If this is all obvious - that's the point. It's why rents stay high downtown for apartments, it's why we keep building more there; it's why entertainment districts succeed in city centres, why they fail in Kanata; it's the logic behind why cities and density is so much more productive (and increasingly so) than rural, sparse districts. In fact, the success of the city centre's accessibility is exactly the cause of "it's too expensive" argument: it's expensive because so many people would be willing to pay more for additional access that prices go up from demand.

Of course this isn't to say Chaparral is useless or a bad location - it's saying that it can't possible be the best location for the most people to access the most jobs (or services, or amenities etc.) Same goes for all the other low-density, car-dependent suburban locations. On aggregate the suburbs make up the large majority of residents and a bunch of jobs, but none of them individually come close to the location and job access of the city centre. As a result, they compete largely in a large, poorly differentiated market holding home prices down and transportation costs up.

If you want the option to take transit, bicycle or walk - there is no competition: city centre and LRT corridors are the only chance you reasonably have.
If you want to drive, city centre is likely still more competitive than a random suburban neighbourhood (but perhaps more expensive for car storage).
If you don't know what you want and want your property to appeal to as many as possible for renting it out, city centre would still be the best place.
If you happened to be worth a few hundred billion and need to invest in a few apartment towers with decades-long payback, where would you invest in those apartments?

In conclusion, if all what I am saying is true what's holding downtown back?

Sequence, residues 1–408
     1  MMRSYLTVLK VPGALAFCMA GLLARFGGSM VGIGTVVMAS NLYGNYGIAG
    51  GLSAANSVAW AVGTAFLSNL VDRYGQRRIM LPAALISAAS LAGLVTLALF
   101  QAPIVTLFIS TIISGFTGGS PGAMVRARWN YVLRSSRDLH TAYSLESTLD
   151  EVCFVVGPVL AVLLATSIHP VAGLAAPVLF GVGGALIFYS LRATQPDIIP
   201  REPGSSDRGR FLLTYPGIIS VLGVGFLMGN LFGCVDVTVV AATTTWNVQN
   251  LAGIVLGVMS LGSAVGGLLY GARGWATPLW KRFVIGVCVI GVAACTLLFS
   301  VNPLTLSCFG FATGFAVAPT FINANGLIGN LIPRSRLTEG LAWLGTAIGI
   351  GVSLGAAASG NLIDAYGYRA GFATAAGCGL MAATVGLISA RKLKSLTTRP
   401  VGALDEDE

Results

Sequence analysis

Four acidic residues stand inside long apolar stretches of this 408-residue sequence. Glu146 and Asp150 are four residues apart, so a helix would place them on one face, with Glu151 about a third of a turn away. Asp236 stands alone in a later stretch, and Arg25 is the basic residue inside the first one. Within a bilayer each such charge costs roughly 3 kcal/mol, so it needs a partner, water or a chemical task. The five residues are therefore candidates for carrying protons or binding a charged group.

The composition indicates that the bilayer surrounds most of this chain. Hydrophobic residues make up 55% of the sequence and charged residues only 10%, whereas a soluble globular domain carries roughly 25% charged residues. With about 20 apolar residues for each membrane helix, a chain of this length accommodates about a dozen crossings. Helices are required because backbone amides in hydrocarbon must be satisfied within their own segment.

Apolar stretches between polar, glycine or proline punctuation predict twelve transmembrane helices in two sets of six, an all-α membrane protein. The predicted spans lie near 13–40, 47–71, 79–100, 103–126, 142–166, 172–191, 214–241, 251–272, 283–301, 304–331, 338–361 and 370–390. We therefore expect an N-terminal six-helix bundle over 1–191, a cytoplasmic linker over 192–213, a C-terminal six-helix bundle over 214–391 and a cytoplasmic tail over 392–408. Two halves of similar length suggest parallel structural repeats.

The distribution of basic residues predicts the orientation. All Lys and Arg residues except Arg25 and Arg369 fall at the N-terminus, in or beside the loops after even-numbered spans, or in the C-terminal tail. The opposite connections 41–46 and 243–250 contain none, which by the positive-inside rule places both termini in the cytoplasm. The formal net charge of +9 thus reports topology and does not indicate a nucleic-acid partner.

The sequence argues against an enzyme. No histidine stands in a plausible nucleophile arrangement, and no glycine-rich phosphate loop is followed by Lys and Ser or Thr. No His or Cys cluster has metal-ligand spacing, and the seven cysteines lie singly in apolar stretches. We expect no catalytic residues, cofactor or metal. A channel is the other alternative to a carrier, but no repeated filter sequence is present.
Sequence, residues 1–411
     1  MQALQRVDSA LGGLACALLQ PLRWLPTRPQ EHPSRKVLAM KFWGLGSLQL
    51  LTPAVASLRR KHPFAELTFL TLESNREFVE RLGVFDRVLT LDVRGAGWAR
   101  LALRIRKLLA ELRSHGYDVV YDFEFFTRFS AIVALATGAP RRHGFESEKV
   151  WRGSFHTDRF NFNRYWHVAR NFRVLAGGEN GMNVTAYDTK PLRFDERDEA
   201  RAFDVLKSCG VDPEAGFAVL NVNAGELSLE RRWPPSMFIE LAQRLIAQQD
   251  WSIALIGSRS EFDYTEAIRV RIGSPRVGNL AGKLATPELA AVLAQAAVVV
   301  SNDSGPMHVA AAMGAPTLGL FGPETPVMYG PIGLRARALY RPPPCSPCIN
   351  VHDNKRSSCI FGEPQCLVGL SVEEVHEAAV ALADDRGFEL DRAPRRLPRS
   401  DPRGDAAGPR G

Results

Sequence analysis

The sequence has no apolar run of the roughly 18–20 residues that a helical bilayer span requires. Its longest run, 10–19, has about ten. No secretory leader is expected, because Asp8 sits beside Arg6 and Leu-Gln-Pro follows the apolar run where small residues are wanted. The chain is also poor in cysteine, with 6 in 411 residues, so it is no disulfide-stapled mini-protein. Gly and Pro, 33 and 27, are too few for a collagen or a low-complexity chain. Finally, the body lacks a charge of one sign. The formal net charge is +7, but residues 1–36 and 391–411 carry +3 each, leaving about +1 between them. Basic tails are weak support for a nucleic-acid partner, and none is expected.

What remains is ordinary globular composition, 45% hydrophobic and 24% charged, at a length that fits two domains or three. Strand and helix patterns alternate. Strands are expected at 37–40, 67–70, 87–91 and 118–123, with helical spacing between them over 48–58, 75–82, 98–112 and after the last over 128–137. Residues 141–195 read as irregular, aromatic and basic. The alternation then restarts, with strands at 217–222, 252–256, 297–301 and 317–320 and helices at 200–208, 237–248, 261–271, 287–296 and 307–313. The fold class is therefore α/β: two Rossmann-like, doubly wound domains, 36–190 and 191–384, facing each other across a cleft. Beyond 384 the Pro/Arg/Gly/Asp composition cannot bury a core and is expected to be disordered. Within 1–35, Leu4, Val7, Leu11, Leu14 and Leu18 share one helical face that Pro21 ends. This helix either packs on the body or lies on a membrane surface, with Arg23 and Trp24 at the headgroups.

I would argue nothing is technically holding us back - we have had 30+ residential towers over the past 20 years in the Beltline for example, so something is clearly working - and continued population growth throughout the city centre region. I think stigma is part of it, as decades of perception of the city centre only being for a narrow demographic combined with the means to choose (high transportation costs and low job accessibility means less if it's boom times and I make 150K / year and can satisfy whatever societal norm of big trucks and big houses I want).

Through both choice and necessity (small families, appreciation for urban amenities/access, lower incomes so people have to choose more carefully how they are going to live) an argument can be made that it's completely logically to expect continued apartment and inner city growth in some form. Sprawling suburban development probably won't stop either - it's cheaper and we don't show any appetite for using a regulatory tool to change that.

But if I was to measure it all up, especially from coming from such a high boom-time fueled base, I would expect that Calgary has seen peak-home ownership and will see continued apartments/rental increase instead. As the city centre makes the most sense for this kind of development, we should expect to see continual growth at some pace for the foreseeable future.
 

Sky of Blue

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I have to agree with higher end rental buildings being in short supply. It seems that as soon as a building decides it’s going to be a rental, the units get downgraded to crappy laminate/carpet, flimsy fixtures. Which is why I rent higher end condo units instead of in dedicated rental buildings. I’d rather be in a dedicated rental building because it’s stable. No risk of having to move because the unit is sold out from under me or it’s been foreclosed on or what have you. But I want the granite countertops, hard surface flooring, nice fixtures etc.